Ultimately, though, Romney, by being just careful about what he did not say as he was about what he did, probably accomplished his goal. According to David Brooks:
It is not always easy to blend an argument for religious liberty with an argument for religious assertiveness, but Romney did it well. Yesterday, I called around to many of America’s serious religious thinkers — including moderates like Richard Bushman of Columbia, and conservatives like Neuhaus and Robert George of Princeton. Everyone I spoke with was enthusiastic about the speech, some of them wildly so.
We will ignore that, according to both Brooks and Romney, only the avowedly religious may be considered serious religious thinkers.

Here is where irony kicks in. As Harry has said, the only good Christian / Mormon / Muslim is a bad Christian / Mormon / Muslim.

Mitt Romney is a bad Mormon: if there is a uniquely Mormon precept he will not toss onto the scrap heap in the quest of electoral favor, he has kept it to himself. Just so with every other candidate.

I doubt there is a non-theist whose concern about Romney's Mormonism rises above the comatose: what is the likelihood of sectarian nonsense from someone belonging to something like two percent of the confessional market? He has no need to mollify those who are the greatest skeptics, somehow without being religious thinkers.

Instead, his ecumenical spackle was directed at his fellow theists, primary among them those that tread the fine line between goodbad and badgood Christianity.

Theists are their own worst enemies.

Unless they are Good Theists, that is.

Saturday, December 01, 2007

Bad, but Better than the Alternatives.

A New Push to Roll Back ‘Don’t Ask, Don’t Tell’

From time immemorial until 1992, the U.S. policy regarding homosexuals in the military amounted to "No way, no how."

Then, one of Clinton's first acts on becoming president was to change "No way, no how" to "Don't ask, don't tell."

As a practical matter, the former policy was a self-defeating exercise in wishful thinking. Mere policy wasn't going to stop homosexuals serving in the military, but that same policy, combined with an overall hostile climate, made gays blackmail security risks, which provided justification for keeping the policy that was the cause of the security problem.

A statutory self-licking ice cream cone, if you will.

"Don't ask, don't tell", a significant climb down from Clinton's goal of eliminating all restrictions on gays in the military, did have the benefits of at least nodding in the direction of reality, thereby removing both the reality and impression of gays as security risks.*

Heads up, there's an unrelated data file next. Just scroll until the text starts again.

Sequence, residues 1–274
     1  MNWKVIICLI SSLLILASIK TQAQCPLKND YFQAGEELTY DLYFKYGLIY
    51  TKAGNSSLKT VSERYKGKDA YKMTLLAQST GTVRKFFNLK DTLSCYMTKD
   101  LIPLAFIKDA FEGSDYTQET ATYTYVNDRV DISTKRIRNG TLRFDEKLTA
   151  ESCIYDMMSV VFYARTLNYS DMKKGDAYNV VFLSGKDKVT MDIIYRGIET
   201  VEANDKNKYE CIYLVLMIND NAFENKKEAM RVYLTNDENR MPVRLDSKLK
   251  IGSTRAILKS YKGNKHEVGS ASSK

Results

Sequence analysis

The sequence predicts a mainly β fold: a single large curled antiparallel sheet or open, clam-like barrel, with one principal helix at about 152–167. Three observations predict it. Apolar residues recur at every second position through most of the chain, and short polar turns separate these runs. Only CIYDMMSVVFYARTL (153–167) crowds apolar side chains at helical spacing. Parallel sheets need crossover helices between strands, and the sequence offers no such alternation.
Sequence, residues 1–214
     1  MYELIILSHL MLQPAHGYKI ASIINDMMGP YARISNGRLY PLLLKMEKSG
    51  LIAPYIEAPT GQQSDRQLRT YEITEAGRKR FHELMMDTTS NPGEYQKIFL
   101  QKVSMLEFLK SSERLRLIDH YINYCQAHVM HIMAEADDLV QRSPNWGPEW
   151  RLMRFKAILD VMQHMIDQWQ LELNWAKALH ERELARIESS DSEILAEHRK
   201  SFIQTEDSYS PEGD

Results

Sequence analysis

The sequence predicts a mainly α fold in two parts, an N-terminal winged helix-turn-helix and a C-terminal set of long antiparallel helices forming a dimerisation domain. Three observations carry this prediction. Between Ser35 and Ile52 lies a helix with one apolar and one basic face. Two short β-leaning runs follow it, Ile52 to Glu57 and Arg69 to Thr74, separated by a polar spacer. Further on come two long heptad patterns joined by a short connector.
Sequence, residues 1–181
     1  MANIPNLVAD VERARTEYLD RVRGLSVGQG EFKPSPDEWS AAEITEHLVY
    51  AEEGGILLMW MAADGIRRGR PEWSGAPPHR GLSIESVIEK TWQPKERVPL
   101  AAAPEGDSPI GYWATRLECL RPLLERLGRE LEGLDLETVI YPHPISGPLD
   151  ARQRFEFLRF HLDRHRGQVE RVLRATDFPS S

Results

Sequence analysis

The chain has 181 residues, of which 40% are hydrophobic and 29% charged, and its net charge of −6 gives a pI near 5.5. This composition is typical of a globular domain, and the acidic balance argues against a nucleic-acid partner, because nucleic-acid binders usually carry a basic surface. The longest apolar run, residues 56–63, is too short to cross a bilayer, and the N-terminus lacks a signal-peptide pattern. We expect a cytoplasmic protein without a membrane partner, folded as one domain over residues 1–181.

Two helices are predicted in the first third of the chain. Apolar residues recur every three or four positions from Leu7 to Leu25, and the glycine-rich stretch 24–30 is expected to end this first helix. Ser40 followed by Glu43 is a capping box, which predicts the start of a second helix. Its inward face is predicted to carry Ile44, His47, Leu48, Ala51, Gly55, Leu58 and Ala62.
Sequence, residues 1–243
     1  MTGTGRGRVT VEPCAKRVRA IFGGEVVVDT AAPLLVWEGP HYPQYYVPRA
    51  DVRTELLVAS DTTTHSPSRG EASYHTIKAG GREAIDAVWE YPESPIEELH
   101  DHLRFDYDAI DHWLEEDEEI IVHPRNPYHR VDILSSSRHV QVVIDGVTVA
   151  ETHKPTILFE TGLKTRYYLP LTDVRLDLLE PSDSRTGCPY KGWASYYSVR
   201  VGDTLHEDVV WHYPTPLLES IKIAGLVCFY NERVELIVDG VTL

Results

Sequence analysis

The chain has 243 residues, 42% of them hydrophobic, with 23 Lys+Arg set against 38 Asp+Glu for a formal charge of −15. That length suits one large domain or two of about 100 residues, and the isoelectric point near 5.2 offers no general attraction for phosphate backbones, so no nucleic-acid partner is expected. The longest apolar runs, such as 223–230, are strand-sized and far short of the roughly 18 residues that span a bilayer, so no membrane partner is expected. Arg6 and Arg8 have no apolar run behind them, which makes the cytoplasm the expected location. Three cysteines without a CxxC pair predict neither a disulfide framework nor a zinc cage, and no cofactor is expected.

Now, fourteen years on, no small number of general officers are calling for the complete elimination of all barriers to gays serving in the military.
We respectfully urge Congress to repeal the ‘don’t ask, don’t tell’ policy,” the letter says. “Those of us signing this letter have dedicated our lives to defending the rights of our citizens to believe whatever they wish."
Most prominently, Gen Shalikashvili, Chairman of the Joint Chiefs of Staff, initially opposed to DADT, has changed his mind:
“I now believe that if gay men and lesbians served openly in the United States military, they would not undermine the efficacy of the armed forces,” General Shalikashvili wrote. “Our military has been stretched thin by our deployments in the Middle East, and we must welcome the service of any American who is willing and able to do the job.”
Well, maybe.

There are a great many people more qualified to claim that openly serving gays would not undermine unit cohesion: squad, platoon, company, and brigade commanders, for instance. General officers are probably 10 years removed from that environment, and are notoriously likely to get told what they want to hear.

More questionable, though, is the second half of that quote: the good General is, whether he knows it or not, claiming that personnel gains resulting from openly serving gays will outweigh losses by those who, exercising that right to believe whatever they wish, decline to serve in the face of open homosexuality.

If there is a devotional backbone in the US military, conservative Christians form it. No matter how fundamentally mistaken one might believe Biblical injunction against homosexuality to be, it is nonetheless there. It seems a real stretch to assume that further opening the doors to 3% of the US population will outweigh the likely impact on unit cohesion and retention by poking at least 25% of those currently serving.

Any moral equivalence between this and desegregating the armed forces is to give silliness a bear hug. There are no behavioral differences between blacks and whites; skin color signifies nothing with respect to the conformity military service requires.

When the notion that homosexuality is innate, and in no way a moral choice, has so pervaded society that conservative Christians accept it as a matter of course, that will be the time to remove a policy no one any longer cares about.

Until then, just like attempting to impose gay marriage via judicial fiat, it is a bridge too far, way too soon.

(Note: If one wanted a case study for a journalism class of unbalanced reporting, this could easily be Exhibit A.)


* It did have the perverse effect of providing those whose desire for a "free" medical degree exceeded their integrity to make it all the way through med school before "discovering" they were "gay", after all. Instant discharge, no bill.